Karabo Takadi and Wessel Lemmer of Absa Agribusiness recently compiled an avocado outlook for the industry.

International trends

Strong demand has kept avocado prices at attractive levels for the past decade, which continues to bode well for additional investment into this sector. As a result of drought conditions in some of the major avocado-producing and exporting countries in 2016, global prices have significantly increased, as production has declined. The American Restaurant Association, which analyses data from the United States Department of Agriculture, reported that the wholesale price of avocado in the United States (US) increased 125% between January and September 2017, from US$37,25 [about R527,48] for a standard box of 48 avocados, to US$83,75 [R1 185,95].

Mexico, which is currently the world’s biggest producer of the fruit and exports primarily to the US, Europe, Asia and Canada recorded a substantial harvest in 2016. However, production declined by an estimated 20% in 2017 as a result of unfavourable weather conditions. Poor weather also led to a production decline in Peru in 2017, resulting in limited production and insufficient supply. This presents South African producers with a temporary opportunity to gain more widespread access to the European market. Meanwhile, avocado production has recovered in Chile, after almost a decade of drought. Chile ceases avocado exports during April, opening up a potential marketing window for South African producers.

Domestic trends

There are about 17 500ha planted to avocado in South Africa. However, the 2015/2016 drought negatively affected avocado yields in 2017, which resulted in lower-than-average production levels. Moreover, as 2017 was an off-season, which usually tends to deliver lower yields, production declined even further. The estimated total avocado production for 2017 is currently at 117 000 tons. However, there is certainly room for expansion, with an average of an additional 1 000ha planted to avocado every year. Avocado is currently grown in Limpopo, Mpumalanga, and KwaZulu-Natal. There is also growing interest to expand production to the Eastern and Western Cape.

Column1 Column2 Column3 Column4 Column5 Column6 Column7
Avocado-EU- Main supplier countries (tons)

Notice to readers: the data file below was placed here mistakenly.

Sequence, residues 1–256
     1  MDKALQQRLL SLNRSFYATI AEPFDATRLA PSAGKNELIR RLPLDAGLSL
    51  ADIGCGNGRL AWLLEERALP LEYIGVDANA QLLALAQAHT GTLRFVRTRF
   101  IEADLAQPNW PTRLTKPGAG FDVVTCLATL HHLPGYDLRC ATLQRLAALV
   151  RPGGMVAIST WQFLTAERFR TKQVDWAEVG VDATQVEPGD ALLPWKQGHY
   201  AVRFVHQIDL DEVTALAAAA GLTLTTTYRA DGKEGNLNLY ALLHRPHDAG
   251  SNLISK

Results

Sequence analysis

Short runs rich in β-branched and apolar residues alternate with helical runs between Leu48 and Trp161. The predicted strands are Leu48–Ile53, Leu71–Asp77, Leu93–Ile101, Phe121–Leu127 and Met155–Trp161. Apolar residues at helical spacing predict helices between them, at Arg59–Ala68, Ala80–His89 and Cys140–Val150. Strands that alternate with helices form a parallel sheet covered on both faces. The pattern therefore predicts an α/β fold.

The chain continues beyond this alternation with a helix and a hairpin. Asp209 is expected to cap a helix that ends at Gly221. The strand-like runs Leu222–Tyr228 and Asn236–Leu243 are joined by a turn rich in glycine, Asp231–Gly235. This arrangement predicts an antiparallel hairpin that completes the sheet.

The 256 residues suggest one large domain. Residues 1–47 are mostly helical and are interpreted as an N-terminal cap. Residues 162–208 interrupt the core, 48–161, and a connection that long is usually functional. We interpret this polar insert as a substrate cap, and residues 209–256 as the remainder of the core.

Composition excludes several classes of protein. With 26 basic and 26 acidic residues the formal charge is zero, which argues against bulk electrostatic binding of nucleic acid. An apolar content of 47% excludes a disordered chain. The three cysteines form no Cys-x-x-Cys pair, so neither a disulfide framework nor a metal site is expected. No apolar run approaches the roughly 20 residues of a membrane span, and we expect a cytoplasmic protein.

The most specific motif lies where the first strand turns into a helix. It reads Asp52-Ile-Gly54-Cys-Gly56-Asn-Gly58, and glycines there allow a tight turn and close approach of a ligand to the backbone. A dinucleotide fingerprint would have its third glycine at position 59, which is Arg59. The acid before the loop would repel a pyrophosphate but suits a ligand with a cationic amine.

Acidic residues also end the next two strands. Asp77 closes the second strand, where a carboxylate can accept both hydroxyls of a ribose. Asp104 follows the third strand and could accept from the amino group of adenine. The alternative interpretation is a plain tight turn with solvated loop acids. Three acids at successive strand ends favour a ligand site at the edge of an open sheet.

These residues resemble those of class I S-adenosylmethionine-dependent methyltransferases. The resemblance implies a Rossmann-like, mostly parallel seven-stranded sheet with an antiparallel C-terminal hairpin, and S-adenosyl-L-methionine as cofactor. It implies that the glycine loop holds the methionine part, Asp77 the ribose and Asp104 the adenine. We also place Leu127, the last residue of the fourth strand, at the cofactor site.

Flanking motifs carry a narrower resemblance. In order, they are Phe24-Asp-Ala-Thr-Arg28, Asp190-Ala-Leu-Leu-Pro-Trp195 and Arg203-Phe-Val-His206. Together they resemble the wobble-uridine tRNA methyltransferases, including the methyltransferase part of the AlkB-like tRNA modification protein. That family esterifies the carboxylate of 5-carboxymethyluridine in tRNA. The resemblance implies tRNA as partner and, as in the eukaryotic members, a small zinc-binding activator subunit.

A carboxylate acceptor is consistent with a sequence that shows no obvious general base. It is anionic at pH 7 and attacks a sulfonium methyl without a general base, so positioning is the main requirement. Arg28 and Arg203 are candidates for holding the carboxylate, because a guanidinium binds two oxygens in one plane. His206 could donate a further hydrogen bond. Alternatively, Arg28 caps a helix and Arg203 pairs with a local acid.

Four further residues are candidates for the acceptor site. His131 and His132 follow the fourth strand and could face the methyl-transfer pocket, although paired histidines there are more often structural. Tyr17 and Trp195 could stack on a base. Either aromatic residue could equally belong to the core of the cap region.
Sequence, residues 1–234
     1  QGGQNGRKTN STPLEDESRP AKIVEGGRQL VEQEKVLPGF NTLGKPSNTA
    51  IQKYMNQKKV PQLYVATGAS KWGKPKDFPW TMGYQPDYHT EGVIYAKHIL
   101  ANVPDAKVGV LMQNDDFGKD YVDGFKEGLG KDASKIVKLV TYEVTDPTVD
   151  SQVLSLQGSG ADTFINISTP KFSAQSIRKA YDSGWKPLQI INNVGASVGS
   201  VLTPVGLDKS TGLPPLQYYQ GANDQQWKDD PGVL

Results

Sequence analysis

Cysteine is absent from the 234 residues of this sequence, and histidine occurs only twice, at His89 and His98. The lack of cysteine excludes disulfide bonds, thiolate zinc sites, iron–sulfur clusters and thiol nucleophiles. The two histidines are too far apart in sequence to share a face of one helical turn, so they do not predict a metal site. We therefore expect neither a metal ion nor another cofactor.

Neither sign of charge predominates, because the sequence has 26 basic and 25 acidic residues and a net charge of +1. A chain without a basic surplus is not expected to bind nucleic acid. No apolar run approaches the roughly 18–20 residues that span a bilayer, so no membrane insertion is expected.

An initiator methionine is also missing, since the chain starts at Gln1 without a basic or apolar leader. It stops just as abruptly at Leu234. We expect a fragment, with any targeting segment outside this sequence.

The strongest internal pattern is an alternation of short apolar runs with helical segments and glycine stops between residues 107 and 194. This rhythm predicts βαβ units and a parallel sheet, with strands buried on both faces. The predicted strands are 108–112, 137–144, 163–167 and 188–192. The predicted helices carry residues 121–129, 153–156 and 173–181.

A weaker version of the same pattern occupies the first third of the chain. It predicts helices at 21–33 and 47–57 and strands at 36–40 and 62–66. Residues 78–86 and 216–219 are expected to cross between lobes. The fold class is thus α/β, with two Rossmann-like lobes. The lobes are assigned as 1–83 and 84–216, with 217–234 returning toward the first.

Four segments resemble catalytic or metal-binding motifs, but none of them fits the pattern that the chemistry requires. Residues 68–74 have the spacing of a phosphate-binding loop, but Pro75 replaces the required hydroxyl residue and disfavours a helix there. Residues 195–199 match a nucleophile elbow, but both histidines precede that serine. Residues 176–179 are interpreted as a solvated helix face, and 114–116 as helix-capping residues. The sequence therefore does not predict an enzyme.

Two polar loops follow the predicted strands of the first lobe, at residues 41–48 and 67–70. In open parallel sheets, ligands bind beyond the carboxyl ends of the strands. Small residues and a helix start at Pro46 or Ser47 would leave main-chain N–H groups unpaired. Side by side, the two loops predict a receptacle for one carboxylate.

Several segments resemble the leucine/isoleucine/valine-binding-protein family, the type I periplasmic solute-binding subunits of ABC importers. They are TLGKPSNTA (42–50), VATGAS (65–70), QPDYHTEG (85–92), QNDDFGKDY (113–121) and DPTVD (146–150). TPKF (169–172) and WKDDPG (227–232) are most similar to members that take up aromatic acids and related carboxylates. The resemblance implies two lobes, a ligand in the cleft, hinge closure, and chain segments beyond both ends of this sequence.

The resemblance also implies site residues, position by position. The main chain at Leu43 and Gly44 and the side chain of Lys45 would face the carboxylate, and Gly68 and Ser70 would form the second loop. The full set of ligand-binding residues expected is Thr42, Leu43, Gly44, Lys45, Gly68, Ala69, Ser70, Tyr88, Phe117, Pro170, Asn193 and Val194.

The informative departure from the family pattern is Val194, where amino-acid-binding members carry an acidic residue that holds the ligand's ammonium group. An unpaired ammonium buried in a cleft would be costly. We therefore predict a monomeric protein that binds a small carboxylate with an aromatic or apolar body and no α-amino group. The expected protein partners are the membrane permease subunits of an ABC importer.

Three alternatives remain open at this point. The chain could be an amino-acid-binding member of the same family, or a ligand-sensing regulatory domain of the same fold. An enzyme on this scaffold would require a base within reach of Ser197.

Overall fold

Summer season Winter season
2015 2016 2015/16 2016/17
Peru 114321 144367 Chile 78244 88888
Southern Africa 50962 54095 Mexico 45593 35000
Kenya 20728 23444 Spain 37700 50000
Brazil 3535 3908 Israel 34995 63000
Tanzania 3278 2948 Colombia 11189 22000
Others 497 337
Argentina 78 133
Total 193399 229231 Total 193399 258000


In 2016, 45% of South Africa’s avocado harvest was exported, while 18% was sold on the fresh produce markets. Twelve percent went to the processing sector, while 16% was sold on the informal market and 8% was sold directly to retailers.

Price increases have been driven by higher demand, as well as avocado increasingly being used in the manufacturing and production of beauty products.


Lower production and yield have resulted in lower exportable volumes. Exports of the 2017 crop, primarily to the Netherlands are expected to amount to 52 000 tons, which is 7% lower than that of 2016. Despite lower yield in 2017, there may be more export opportunities for South African producers in the future, as industry role-players work on accessing new markets such as the US, Japan, China and India. The avocado industry remains profitable, as local prices have increased annually for the past six years. During this period, prices increased 173% because of strong demand. This may also explain the increased rate at which additional trees have been planted.


Demand is increasing more rapidly than the current rate of production. This trend will most likely be supported by a growing market, which may encourage producers to invest in expanding production. – Press release


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